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Mulching in palm heart; a study on the effects of mulching in a palm heart plantation in the Atlantic Zone of Costa Rica

by Pluimers, J; CATIE, Turrialba (Costa Rica). Atlantic Zone Programme; Agricultural University Wageningen, Wageningen (Países Bajos); Ministerio de Agricultura y Ganadería, San José (Costa Rica).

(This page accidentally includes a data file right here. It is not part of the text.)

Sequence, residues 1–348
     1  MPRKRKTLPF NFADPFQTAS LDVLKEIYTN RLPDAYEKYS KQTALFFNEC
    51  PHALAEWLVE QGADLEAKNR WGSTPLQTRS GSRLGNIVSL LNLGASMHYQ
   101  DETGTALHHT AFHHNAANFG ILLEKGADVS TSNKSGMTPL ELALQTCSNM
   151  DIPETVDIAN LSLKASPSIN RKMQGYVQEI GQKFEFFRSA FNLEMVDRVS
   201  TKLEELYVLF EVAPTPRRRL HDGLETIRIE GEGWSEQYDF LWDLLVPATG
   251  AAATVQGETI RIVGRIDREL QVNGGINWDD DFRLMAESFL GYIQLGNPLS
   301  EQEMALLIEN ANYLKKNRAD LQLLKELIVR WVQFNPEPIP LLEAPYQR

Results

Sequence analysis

Series: Report - Atlantic Zone Programme (CATIE-WAU-MAG).Publisher: Turrialba (Costa Rica) : 1997Description: 27 p. + Apéndice (19 p.) : ; +.Subject(s): BACTRIS GASIPAES | MANTILLO DE HOJAS | ABONOS ORGANICOS | PROPIEDADES FISICOQUIMICAS | ESTRUCTURA DEL SUELO | RENDIMIENTO DE CULTIVOS | COSTA RICAOnline Resources: En In: Summary: In the Atlantic Zone programme in Guápiles, Costa Rica a research is done on land use and land use planning. One of the crops of this Atlantic Zone is Palm heart (Bactris gasipaes H.B.K.). This palm tree is grown since ancient times for its fruits in Tropical America. When the palms are young they can be harvested for the palm heart ('palmito'), which is the content of the pseudostem. Although palm heart is commercially grown for more than 20 years, it still is seen as a future crop with its expanding reputation and export market. In a palm heart plantation a mulch experiment is set up to investigate the effect of mulch on soil (micro and meso) fauna and flora leading to improved soil properties and hence crop performance. Mulching is covering the soil with some organic materials, in this case crop residues (sheets and leaves). Two fields within the plantation were selected, differing in soil type and age of establishment. In each field a 3 by 3 factorial experiment (no - normal - double mulch, and no - half of normal normal n fertilization) is laid out with four replicates per field. Daily management of the experiment started in May 1993 and continued until now. Besides normal management the crop residues have to be weighted and transported directly after harvesting and a sample of the residues has to be taken for N, P, K analyses. It was postulated that in the humid tropics under a perennial self mulching crop no effect of mulch can be expected due to better infiltration of rainwater, reduction of evaporation, reduction of soil temperature, or import of nutrients. The hypothesis is that mulching improves the soil flora and fauna leading o.a. to a better soil structure. However this effect cannot be determined directly without destroying the soil and the experiment. Effects resulting from a better structure (improved soil properties and crop performance) could be determined in soil water conditions by analyzing the soil suction on different depths and distances from the palm, palm heart production, by analyzing the harvest data and nutrient content of the harvest residues. The result showed that after one year of managing the experiment no effects can be recognized in total yield of palm heart. A relation between mulch production and nutrient uptake could not be distinguished. The mulch has some effect on the soil suction characteristics, but how much and how related is not worked out. The whole experiment considered, more time and data are needed to be able to distinguish any effects of the different mulch and N treatments.